The business trip, the honeymoon, the family vacation—all trips come with an assumable number of corresponding travelers. But how do you describe a 12-person vacation? What about a seven-family retreat? These St. Louisans spent their summers being, to say the least, social. Can you even imagine the luggage?


The 12 self-proclaimed ‘St. Louis Soul Sisters’ journeyed from the Mississippi River all the way to the Sea of Galilee as part of a 10-day trip to Israel.

“It’s a unique trip, in that it is exclusively for Jewish moms,” says Ellie Grossman-Cohen. “It combines play with learning about Judaism in a way that really applies to our everyday life.” The adventure was part of the Jewish Women’s Renaissance Project and Aish HaTorah St. Louis, which allowed the group a chance to meet up with some 200 other participants from around the world.

Trip adventures ranged from mud baths in the Dead Sea to desert camel rides and kayaking in the Jordan River. “We had a blast!” Grossman-Cohen says, noting much time was spent “eating the best Mediterranean food ever—and that in itself inspires us to want to try new Jewish foods.”

Other aspects of the St. Louis Soul Sisters’ vacation included visiting the Western Wall, touring the Yad Vashem Holocaust memorial and volunteering. “It inspires us to live more Jewishly; to be better moms, better people, better wives; and it inspires us to live a more meaningful, fulfilling life.”

Seaside, Fla.

Talk about a full house! Seven families vacationed to Seaside, Fla., bringing together a combined 14 children ages 6 and under. This group—comprised originally of Saint Louis University college friends—vacations together every three years, with the group size always increasing.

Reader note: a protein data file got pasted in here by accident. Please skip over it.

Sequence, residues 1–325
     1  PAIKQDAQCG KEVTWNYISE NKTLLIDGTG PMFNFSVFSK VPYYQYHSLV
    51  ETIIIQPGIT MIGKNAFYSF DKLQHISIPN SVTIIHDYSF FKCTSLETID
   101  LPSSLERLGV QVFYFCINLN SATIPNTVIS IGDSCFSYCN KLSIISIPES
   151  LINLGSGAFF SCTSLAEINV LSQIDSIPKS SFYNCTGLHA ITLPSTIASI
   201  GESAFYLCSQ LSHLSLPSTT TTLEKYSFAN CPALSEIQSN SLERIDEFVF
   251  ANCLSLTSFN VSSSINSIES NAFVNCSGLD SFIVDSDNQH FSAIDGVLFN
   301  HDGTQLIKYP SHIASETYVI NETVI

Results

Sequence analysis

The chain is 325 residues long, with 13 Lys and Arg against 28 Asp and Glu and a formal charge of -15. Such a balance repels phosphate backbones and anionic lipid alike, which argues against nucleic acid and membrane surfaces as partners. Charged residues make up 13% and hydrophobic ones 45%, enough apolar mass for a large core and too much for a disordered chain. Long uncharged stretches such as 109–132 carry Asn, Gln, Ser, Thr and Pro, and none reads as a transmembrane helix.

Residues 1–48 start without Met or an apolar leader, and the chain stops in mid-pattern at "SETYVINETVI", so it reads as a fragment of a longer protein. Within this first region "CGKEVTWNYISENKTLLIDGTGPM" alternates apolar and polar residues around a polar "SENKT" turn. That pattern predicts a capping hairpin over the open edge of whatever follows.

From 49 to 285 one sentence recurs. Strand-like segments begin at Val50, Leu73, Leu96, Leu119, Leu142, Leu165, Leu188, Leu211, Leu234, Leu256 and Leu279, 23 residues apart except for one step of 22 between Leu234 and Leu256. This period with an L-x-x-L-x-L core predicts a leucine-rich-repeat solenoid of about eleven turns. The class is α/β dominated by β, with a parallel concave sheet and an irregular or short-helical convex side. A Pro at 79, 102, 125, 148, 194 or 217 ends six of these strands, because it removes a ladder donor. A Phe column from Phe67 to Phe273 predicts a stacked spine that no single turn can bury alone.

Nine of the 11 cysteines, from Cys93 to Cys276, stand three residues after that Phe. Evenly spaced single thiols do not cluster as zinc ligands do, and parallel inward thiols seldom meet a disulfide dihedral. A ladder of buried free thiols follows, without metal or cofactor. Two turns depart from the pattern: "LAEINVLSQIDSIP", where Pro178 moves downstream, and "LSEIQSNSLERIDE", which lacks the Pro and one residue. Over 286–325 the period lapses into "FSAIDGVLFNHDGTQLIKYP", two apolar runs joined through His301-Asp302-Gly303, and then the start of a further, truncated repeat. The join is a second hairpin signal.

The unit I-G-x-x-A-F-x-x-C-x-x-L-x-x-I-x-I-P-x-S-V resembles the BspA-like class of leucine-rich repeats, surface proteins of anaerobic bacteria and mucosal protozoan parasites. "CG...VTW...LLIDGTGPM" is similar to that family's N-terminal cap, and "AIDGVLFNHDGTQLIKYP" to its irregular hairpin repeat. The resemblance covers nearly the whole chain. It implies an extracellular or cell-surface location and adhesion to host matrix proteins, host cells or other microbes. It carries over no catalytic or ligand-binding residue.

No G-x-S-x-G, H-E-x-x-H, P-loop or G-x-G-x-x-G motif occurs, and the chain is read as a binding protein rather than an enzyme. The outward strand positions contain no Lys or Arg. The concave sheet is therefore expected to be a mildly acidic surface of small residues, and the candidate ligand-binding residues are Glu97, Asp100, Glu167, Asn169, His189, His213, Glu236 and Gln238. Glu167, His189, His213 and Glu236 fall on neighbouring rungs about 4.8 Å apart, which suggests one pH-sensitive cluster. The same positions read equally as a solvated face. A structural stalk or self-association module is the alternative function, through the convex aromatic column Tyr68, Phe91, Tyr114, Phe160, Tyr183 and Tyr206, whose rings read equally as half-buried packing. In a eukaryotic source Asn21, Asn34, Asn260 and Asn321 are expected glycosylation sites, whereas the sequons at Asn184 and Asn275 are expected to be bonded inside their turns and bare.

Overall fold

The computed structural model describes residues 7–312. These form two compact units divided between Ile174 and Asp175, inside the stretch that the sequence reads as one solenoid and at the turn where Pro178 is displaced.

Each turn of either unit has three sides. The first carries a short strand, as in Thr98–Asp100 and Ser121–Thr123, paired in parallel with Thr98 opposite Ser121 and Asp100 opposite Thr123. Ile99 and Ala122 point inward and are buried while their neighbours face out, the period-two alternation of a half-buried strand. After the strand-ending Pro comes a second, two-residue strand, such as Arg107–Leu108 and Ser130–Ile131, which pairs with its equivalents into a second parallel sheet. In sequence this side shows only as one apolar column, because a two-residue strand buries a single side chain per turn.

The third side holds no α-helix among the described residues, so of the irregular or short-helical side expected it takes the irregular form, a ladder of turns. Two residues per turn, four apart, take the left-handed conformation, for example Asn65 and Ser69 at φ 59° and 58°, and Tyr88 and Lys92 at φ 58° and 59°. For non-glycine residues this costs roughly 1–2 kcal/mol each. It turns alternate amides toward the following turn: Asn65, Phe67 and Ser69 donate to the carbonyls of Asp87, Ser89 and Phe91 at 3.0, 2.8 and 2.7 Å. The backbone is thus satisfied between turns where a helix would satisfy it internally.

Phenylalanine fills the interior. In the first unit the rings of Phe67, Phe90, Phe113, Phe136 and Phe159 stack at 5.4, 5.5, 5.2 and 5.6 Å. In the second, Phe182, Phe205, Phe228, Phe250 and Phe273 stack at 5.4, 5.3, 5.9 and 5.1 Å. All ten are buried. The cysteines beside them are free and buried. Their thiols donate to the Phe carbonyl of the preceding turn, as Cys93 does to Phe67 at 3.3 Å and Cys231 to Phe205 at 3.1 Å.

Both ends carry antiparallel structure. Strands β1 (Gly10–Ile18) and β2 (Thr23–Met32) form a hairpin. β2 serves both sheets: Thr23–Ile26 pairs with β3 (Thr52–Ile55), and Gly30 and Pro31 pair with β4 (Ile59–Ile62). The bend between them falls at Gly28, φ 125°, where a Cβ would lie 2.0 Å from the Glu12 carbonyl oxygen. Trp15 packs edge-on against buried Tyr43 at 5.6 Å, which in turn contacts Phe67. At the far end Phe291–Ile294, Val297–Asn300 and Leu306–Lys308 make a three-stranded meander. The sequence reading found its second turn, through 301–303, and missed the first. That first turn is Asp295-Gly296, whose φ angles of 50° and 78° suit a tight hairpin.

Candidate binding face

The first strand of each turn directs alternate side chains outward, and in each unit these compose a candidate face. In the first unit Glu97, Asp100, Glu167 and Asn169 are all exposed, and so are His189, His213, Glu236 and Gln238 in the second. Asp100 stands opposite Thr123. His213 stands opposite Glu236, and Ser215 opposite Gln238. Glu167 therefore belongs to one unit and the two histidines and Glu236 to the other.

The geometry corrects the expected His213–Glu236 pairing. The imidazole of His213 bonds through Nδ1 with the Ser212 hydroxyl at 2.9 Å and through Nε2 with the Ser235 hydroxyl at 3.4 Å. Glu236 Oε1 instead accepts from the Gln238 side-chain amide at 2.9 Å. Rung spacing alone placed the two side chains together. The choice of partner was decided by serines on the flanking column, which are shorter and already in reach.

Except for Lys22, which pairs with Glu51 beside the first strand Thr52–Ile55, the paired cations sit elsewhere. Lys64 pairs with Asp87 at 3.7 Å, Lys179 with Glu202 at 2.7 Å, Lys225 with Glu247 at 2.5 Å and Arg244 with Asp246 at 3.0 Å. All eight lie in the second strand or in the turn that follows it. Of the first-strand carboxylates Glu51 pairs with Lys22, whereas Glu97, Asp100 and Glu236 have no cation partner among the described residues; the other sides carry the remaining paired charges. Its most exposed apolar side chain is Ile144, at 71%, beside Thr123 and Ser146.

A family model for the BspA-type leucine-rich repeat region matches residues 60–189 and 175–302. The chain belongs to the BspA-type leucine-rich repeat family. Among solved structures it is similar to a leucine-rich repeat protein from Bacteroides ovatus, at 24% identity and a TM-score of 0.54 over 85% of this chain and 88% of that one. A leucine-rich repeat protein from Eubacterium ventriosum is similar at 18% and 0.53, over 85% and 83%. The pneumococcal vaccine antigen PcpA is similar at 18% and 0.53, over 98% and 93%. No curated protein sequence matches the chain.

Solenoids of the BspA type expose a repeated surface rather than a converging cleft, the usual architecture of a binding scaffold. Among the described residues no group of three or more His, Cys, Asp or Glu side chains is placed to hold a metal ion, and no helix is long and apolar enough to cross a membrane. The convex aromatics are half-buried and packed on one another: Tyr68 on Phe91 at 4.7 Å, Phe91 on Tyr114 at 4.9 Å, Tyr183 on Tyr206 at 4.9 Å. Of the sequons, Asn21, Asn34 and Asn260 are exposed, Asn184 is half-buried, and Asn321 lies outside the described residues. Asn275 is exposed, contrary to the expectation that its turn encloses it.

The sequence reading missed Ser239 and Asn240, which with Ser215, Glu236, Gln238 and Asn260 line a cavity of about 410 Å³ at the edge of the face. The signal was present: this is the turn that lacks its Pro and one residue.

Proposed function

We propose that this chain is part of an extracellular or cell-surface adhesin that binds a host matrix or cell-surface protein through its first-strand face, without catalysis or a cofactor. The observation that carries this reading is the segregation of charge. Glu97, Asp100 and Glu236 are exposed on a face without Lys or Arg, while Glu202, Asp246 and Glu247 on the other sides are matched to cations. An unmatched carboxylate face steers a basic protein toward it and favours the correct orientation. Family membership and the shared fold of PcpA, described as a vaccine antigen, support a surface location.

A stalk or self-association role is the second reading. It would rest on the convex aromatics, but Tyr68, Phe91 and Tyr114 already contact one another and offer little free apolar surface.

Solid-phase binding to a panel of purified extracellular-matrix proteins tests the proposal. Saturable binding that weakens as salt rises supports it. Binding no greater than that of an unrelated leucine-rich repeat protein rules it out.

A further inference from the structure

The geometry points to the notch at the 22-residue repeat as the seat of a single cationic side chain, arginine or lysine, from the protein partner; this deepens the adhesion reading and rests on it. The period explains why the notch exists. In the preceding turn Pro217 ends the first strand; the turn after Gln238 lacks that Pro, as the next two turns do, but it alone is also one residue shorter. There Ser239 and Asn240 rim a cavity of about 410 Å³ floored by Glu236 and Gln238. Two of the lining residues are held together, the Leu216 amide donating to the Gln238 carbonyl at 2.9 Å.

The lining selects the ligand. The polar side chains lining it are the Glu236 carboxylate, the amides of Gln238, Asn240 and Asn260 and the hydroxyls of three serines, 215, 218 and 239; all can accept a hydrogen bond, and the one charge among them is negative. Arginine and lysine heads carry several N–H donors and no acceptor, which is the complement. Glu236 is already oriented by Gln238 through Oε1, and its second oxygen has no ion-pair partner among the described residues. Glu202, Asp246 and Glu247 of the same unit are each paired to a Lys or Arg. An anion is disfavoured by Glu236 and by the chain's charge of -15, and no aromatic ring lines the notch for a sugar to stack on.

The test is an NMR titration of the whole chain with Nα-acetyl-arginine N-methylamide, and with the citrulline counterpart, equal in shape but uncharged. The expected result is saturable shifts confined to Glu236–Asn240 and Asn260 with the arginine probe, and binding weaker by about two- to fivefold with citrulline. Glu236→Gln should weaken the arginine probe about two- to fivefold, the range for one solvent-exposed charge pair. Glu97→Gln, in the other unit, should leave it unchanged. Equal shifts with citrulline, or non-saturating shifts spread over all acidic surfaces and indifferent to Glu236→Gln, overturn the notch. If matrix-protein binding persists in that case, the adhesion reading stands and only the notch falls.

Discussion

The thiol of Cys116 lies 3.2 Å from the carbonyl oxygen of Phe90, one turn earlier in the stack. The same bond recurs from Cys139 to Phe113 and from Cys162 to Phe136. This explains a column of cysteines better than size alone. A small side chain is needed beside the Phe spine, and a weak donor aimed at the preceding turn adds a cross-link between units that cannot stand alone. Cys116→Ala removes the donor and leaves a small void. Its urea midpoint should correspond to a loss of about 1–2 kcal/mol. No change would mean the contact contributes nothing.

“We all originally lived in St. Louis, and we started dispersing to different places,” says Maggie Eisenbeis. “We wanted somewhere where our kids could still be close, even though they weren’t going to be growing up in the same city.”

The group involved a total of 27 people (the pregnant wife of one attendee stayed home during the trip), who lodged in a 10-bedroom rental home. “Some people say, It sounds like such a nightmare to go on vacation with that many kids. I think it is because we’ve been friends for so long, and understand the ins and outs of each other, that it was able to work so well,” Eisenbeis says. “And most of us had lived with each other before.”

While there were a few evenings out, as well as individual family time, Eisenbeis says much of the vacation was spent as a group at the rental. “Most of the trip is designed to be with each other,” she says. “Three years ago, we went to Outer Banks, and we didn’t really leave the house. This year, we went to Seaside because we thought we’d want to go out more. As it turned out, we didn’t really need to—the beach, being with each other and playing in the yard was all we needed.”

Before long, it will be time to begin planning the next vacation; Eisenbeis says the year following a trip is spent searching for a location. “But we already have two more families who want to join us, so we’ll have to see if we can get a big enough place!”

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